Business, Economics and Jobs

Toyota is back. Can it stay on top?


Toyota's workers are trained to examine the new compact car, ETIOS, at the new factory in Sorocaba, about 100km west of Sao Paulo, Brazil on August 9, 2012.


Yasuyoshi Chiba

Heading into this year's Los Angeles Auto Show Toyota finds itself in a familiar position:

It's poised to eclipse GM as the world's largest automaker this year.

In the US, it has gained more market share (up 1.8 percent) than any other automaker.

Toyota has shored up its biggest weakness the last four years: quality.

In short, Toyota finds itself close to where it was back in 2009 when it stumbled badly.

At the time, new CEO Akio Toyota publicly proclaimed his company would focus more on quality and less on growth. Three years later the growth has come back, in part because the quality has as well.

Few in the auto industry are surprised, but the question now is whether Toyota can stay on top of its game. On that topic analysts, consultants, and executives in the industry are split.

Most agree Toyota's renewed focus on quality (the brand was tops in the latest initial quality report, with Lexus also in the top five) will keep the Japanese automaker from having major recalls of the magnitude we saw in '09 and '10. Toyota's commitment to better quality is a sincere effort.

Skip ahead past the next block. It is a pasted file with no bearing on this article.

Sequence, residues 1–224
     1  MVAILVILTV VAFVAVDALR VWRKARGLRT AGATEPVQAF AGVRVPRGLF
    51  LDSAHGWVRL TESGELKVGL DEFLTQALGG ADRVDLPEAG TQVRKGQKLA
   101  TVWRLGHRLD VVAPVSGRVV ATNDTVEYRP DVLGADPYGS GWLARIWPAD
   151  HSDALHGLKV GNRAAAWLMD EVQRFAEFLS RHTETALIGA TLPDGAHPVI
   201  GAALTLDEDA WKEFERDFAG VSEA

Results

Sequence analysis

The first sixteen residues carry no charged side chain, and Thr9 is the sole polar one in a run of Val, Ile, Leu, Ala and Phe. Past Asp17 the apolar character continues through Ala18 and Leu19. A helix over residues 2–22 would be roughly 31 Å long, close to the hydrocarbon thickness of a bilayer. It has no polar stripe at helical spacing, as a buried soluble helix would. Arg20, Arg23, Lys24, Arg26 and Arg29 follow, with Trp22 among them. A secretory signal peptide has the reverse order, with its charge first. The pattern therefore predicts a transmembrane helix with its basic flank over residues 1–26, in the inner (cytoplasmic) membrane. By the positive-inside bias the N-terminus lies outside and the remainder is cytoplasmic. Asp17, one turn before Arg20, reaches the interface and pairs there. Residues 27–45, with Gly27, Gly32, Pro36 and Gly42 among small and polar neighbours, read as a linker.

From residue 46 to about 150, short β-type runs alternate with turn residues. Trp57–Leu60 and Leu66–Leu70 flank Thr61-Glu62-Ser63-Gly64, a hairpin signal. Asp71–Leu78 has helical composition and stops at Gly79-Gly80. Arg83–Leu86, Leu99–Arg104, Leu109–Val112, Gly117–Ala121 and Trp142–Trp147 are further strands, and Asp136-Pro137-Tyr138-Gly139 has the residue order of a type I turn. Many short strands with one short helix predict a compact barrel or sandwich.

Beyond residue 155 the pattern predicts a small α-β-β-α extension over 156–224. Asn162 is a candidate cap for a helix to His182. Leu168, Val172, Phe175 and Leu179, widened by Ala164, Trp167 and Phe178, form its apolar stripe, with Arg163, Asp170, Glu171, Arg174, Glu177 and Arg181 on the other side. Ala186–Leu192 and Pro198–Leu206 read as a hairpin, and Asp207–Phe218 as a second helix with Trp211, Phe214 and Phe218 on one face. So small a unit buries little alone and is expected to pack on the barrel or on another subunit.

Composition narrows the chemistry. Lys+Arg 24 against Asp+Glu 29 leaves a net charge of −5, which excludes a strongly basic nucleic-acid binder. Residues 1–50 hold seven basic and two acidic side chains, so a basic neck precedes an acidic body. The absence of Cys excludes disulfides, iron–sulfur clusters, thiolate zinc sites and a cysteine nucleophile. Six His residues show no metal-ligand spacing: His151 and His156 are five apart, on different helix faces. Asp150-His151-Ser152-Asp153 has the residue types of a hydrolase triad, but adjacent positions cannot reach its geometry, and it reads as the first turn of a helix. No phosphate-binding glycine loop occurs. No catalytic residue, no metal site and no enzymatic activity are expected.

Where most disagree is whether Toyota can stay on top in terms of sales. Globally, Volkswagen is charging hard — especially in China where Toyota has issues relating to China/Japan relations. And here in the US many believe Toyota's gains are close to a limit.

The competition from refreshed GM, Ford and Honda models will make it tough for Toyota to surge past Ford into 2nd place. If the economy perks up, so will truck sales and Ford should further strengthen its 15.5 percent market share.

There's no doubt Toyota is back. The question is whether this time Toyota can stay on top of its game.

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